On Friday, the NFL announced the launch of its Inspire Change initiative, which will center on the collaborative efforts of players, owners and the league as a whole to enact positive change in underserved communities across the country with primary focuses on three areas:
- Education and economic advancement
- Police and community relations
- Criminal justice reform
The Inspire Change launch includes the debut of a new television spot, which will air during this weekend’s playoff games. Additional versions of the television spot will continue to air throughout the post-season, including on Super Bowl Sunday during pregame programming.
Today the @NFL announced the #InspireChange initiative, showcasing the collaborative efforts of NFL players, owners and the league to create positive change in communities across the country. https://t.co/iZLnJN7pFY pic.twitter.com/TEc3peh0dx
— Troy Vincent (@TroyVincent23) January 11, 2019
According to ESPN, the league committed $8.5 million to the partnership in 2018, and the NFL Foundation added $2 million in grants for clubs and both retired and active players. The total commitment from the league is expected to hit $12 million for 2019.
Throughout the length of the deal, though, the total commitment could exceed $89 million — as the initial figures didn’t include money raised by teams or players, per the report.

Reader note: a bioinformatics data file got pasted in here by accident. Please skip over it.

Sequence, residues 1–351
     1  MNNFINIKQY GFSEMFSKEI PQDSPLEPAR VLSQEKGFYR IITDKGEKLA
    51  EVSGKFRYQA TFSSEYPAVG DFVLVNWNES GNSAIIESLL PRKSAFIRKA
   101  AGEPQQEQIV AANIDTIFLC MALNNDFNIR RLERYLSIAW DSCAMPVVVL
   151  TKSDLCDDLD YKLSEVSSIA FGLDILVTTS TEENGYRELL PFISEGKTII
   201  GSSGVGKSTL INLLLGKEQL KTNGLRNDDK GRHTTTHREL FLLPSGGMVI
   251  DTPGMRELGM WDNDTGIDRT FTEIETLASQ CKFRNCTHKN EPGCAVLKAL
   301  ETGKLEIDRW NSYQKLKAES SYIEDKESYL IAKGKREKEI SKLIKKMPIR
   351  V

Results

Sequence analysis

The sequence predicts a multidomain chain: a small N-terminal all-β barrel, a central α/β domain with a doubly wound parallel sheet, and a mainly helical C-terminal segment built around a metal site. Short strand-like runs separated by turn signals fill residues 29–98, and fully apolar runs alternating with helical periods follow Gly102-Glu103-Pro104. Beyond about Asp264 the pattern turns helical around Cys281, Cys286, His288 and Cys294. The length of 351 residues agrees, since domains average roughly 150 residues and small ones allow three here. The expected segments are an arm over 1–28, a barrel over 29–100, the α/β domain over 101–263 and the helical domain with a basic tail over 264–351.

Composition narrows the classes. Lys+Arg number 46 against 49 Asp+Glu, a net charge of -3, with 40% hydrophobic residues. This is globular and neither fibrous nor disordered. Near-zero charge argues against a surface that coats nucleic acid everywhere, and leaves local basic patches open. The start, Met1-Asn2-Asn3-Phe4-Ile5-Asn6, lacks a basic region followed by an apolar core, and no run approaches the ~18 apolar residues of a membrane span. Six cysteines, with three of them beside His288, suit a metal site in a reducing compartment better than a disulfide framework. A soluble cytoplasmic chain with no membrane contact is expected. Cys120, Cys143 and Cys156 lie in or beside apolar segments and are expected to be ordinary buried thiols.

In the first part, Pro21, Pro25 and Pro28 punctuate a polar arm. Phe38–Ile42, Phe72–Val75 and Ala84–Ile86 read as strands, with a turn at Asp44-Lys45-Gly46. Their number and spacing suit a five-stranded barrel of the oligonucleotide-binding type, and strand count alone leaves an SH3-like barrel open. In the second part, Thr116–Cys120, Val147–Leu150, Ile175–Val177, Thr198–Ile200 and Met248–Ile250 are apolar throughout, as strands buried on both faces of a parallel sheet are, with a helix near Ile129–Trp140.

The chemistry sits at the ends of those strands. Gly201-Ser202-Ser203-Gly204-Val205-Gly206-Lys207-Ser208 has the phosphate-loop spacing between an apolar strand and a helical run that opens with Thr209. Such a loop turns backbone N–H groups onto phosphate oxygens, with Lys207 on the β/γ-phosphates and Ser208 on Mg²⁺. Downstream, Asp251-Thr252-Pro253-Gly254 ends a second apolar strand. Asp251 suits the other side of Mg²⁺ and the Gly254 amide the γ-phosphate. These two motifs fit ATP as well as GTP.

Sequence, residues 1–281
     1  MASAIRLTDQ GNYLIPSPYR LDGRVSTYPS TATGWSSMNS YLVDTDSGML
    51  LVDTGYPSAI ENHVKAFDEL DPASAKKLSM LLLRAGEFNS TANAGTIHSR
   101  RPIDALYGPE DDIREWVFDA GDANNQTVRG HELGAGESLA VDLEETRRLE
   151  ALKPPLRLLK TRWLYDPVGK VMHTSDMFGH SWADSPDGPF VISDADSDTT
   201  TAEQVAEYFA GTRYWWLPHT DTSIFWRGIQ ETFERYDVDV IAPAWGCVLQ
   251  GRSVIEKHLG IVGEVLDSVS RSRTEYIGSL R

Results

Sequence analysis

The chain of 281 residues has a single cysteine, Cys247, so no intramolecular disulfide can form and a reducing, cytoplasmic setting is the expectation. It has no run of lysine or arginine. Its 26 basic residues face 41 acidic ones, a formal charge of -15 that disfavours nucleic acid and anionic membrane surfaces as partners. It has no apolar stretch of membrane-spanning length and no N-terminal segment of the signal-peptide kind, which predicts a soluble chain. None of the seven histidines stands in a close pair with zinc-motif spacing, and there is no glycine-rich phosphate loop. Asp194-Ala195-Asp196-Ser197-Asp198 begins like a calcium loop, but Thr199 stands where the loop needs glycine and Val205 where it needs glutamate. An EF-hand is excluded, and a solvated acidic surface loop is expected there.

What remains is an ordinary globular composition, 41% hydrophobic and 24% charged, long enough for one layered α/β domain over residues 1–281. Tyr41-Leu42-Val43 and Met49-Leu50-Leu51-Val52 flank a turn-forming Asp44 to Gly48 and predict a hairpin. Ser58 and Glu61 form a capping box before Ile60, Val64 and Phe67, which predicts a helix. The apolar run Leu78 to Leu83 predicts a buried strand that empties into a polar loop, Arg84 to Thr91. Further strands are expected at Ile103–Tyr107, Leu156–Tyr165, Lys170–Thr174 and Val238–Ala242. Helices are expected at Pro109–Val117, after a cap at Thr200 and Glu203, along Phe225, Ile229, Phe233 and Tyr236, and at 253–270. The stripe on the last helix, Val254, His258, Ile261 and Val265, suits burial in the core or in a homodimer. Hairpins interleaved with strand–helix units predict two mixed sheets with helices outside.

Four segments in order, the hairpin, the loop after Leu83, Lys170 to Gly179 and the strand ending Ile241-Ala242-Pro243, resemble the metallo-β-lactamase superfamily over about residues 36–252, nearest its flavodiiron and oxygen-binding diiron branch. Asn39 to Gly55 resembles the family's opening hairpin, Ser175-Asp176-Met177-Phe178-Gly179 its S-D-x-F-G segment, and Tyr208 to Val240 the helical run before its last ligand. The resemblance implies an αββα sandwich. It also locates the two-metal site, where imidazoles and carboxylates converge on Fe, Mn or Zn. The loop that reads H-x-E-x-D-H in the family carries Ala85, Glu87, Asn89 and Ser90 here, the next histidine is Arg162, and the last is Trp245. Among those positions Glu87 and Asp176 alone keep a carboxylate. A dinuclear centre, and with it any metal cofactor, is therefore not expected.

Former player and players association president Troy Vincent, now the league’s pro football operations chief, emphasizes how much work has been done and continues to be done by the players. This week, he was told by Players Coalition co-founder Anquan Boldin that the NFL is still “on point” with its initiatives.
Vincent, who grew up outside Philadelphia, didn’t understand the complexities of the incarceration rate and the bail system. He notes how the opening of communication between the league office and teams and communities has helped steer the social justice movement.
“What we learned is that every community knew the grassroots organizations in their respective neighborhoods that were doing the work, the daily hands-on work,” Vincent said. “Working with the larger organizations gave us a national view.”